Posts Tagged “Religion”

Rainbow flag breezeThe Religious Right is still pitching fits all over the place over the fact that gay marriage is now legal throughout the US. It’s natural that they’d go apeshit over Obergefell v. Hodges, because it forces them to treat gays as equals rather than as second-class citizens. And they can’t stand that.

But it seems Rowan county, Kentucky has become a nexus of contention over the matter. County Clerk Kim Davis has decided that, due to her Christianity, no gays in her county should be able to marry. Her Christianity, you see, prevents her from letting it happen. WKYT-TV in Lexington reports on how legal warfare is beginning to pile up over her childishness (WebCite cached article):

A flurry of activity happened Friday afternoon in the case of Rowan County Clerk Kim Davis, including an apparent effort to have her charged with official misconduct.

Friday afternoon, Davis, who refuses to issue marriage licenses despite a court order, said in court documents that she filed an emergency petition with the Supreme Court to have a justice review her appeal. A spokeswoman with the Supreme Court told WKYT they had not received the petition as of Friday afternoon.

Davis apparently submitted that filing to the Supreme Court and then asked U.S. District Judge David Bunning to extend his stay– which is scheduled to expire Aug. 31 — on his marriage license order while she appeals to the Supreme Court. Bunning responded hours later, denying that request.

Meanwhile, the Rowan County Attorney’s Office said on Friday that it has referred to the Attorney General’s Office a charge of official misconduct against Davis.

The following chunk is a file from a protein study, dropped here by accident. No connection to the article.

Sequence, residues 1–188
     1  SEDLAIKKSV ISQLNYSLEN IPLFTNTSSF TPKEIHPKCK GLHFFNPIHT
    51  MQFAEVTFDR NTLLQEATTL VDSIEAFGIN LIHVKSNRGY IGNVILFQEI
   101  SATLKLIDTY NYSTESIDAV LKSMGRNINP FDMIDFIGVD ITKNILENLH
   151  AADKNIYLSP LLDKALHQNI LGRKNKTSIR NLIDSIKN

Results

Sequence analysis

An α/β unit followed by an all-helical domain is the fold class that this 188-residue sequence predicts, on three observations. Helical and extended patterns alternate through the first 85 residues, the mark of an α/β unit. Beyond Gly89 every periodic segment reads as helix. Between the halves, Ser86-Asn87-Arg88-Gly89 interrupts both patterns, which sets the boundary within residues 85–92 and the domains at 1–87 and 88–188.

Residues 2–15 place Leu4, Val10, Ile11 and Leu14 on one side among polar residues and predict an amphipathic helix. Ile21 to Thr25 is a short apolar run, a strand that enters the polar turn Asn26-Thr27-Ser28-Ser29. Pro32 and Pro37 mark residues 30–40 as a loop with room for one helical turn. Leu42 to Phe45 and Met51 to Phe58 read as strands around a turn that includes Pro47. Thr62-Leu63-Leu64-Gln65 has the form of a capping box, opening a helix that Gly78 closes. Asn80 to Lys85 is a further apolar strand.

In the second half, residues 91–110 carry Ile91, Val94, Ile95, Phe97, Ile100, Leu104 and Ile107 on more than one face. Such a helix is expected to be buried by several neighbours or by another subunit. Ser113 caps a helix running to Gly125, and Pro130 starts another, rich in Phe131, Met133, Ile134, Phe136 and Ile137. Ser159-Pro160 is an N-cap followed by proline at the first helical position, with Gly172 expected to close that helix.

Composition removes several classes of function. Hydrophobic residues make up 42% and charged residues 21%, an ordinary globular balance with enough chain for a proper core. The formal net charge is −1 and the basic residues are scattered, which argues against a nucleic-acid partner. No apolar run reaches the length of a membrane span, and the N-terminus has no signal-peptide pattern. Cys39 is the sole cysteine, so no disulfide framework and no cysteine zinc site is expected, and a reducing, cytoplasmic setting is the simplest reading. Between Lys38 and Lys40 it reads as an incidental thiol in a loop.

If Ms Davis doesn’t want to do her job according to the law and issue licenses for gay marriages, there’s a simple and easy solution that doesn’t require her to violate her religion, and that is for her to just fucking resign and let someone else take over the job who’s willing to do it.

See how easy that was? What need is there to resort to the Supreme Court … again? Especially when she’s likely to lose?

Oh wait, I can answer that: It’s because she wants to feel persecuted for Jesus because that desire is part and parcel of the psychopathology of her religion. Going to court and losing is, in a perverse way, exactly what she wants!

Update: Yesterday the Supreme Court turned aside her request (cached). She’s going to have to decide whether or not to fulfill her duties as a county clerk.

Photo credit: Wikimedia Commons.

Tags: , , , , , , , , , , , , , , , , , , , , , , , ,

Comments No Comments »

The Assumption of the Virgin (1612-17); Peter Paul RubensSomething I’ve long warned American Catholics about is their alliance with the Religious Right. This movement had grown out of the Southern Baptist Convention initially as pushback against segregation (WebCite cached article). And its membership remains primarily evangelical Protestant … even though the Roman Catholic bishops have joined ranks with them, and there are plenty of Catholic politicians (e.g. Rick Santorum, Sam Brownback, Newt Gingrich, and others) who are definitely part of the R.R. The reality of this Catholic/R.R. alliance is that it’s tenuous at best, predicated on only a few points in common, such as opposition to abortion and contraception. The reality is that they’ve been ecclesiastical rivals for centuries, and while they’re no longer at war with one another, each maintains its own distinct vision of Christ and Christianity.

What a lot of Catholics fail to understand — or even know about — is the degree of hatred a lot of their supposed allies in the R.R. have for them. They don’t often make a point of it, but there are occasions when evangelical Protestants find themselves unable to contain their contempt for those “saint-worshipping papists.” An example of this phenomenon emerged when TX gov. Greg Abbott — a Catholic — posted something recently to Facebook (cached):

Texaas Governor Greg Abbott (R) got a lesson in religious tolerance over the weekend after posting an image of the Virgin Mary accompanied by praise on his Facebook page, according to the San Antonio Express-News.

On Saturday the governor, who is Catholic, posted an image of the mother of Jesus [cached] on his Texans for Abbott Facebook page, accompanied by the comment: “The Virgin Mary is exalted above the choirs of angels. Blessed is the Lord who has raised her up.” Saturday was the celebration of the Assumption; the day when the Holy Mother is believed to have been accepted into Heaven.